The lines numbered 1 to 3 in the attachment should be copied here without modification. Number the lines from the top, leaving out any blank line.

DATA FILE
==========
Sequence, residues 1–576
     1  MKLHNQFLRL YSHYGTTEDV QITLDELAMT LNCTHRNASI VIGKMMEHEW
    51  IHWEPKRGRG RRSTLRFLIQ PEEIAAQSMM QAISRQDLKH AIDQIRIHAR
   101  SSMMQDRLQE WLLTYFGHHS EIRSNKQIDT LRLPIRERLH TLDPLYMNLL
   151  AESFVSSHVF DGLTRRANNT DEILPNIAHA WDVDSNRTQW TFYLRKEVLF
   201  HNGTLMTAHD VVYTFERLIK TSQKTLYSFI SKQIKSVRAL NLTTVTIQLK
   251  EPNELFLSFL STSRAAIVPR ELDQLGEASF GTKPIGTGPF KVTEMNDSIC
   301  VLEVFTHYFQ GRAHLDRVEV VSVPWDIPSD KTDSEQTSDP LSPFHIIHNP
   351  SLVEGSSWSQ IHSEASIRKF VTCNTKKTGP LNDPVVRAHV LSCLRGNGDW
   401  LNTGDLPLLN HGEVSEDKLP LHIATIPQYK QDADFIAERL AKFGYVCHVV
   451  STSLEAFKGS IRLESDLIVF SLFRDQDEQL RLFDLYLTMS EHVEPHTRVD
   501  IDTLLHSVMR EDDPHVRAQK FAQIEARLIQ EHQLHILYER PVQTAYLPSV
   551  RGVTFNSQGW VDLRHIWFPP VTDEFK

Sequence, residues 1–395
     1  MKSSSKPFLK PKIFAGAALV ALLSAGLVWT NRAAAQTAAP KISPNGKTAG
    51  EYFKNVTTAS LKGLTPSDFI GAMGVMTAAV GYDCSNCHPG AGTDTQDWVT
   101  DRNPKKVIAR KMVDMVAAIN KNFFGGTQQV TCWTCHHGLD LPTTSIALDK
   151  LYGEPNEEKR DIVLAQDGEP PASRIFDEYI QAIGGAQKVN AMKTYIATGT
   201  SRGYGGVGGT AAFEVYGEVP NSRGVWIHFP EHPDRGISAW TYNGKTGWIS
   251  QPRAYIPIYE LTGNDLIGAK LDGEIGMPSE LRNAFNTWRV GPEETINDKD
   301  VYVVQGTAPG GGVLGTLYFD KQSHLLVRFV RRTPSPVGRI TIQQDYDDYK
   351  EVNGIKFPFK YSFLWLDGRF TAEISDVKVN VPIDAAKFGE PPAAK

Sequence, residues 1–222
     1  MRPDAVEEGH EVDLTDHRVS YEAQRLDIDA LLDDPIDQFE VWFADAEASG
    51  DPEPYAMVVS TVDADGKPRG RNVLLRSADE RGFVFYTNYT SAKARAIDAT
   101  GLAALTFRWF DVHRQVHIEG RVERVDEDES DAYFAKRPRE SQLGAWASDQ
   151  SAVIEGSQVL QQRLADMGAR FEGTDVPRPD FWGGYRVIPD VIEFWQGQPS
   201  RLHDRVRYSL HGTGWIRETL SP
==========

Sequence, residues 1–576
     1  MKLHNQFLRL YSHYGTTEDV QITLDELAMT LNCTHRNASI VIGKMMEHEW
    51  IHWEPKRGRG RRSTLRFLIQ PEEIAAQSMM QAISRQDLKH AIDQIRIHAR